“If you want to have a better performance than the crowd, you must do things differently from the crowd.” Sir John Templeton.
Summary below by Anthony O'Brien
Given the opportunity to acquire a discount, most of us can hardly contain ourselves, which explains the flood of people at Boxing Day sales.
Yet faced with falling stock markets, many investors exhibit the opposite tendency.
Investment psychology is deeply fascinating. Thousands of highly-complex academic articles have been written about it, but it is hard to ignore the basic analysis that markets are driven by greed and fear.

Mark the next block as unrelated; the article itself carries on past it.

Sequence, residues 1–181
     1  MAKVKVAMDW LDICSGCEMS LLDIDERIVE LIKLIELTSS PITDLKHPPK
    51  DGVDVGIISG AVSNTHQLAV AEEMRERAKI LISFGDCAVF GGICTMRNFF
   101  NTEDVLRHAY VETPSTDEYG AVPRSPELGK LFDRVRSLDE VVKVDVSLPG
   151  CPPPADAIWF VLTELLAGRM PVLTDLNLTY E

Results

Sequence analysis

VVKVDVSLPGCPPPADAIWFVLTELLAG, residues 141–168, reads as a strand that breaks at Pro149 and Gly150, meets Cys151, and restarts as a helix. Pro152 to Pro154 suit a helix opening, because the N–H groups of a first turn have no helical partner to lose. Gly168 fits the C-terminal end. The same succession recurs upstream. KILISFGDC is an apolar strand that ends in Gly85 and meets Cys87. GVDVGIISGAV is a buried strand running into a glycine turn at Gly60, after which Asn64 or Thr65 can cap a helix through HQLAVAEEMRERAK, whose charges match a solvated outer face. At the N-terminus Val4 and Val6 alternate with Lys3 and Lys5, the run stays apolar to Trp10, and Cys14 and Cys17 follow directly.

When stocks are rising, investors are attracted by the prospect of immediate returns. ‘Greed’ may be a harsh word to describe the desire to make a profit, yet this motivation does tend to intensify as markets rise.
Conversely, when stocks are falling, it can be nearly impossible to persuade clients it’s the right time to invest. The ‘fear’ of losing money overrides any assessment of value.
The risk with trying to ‘time’ an investment is that you miss the big moves.
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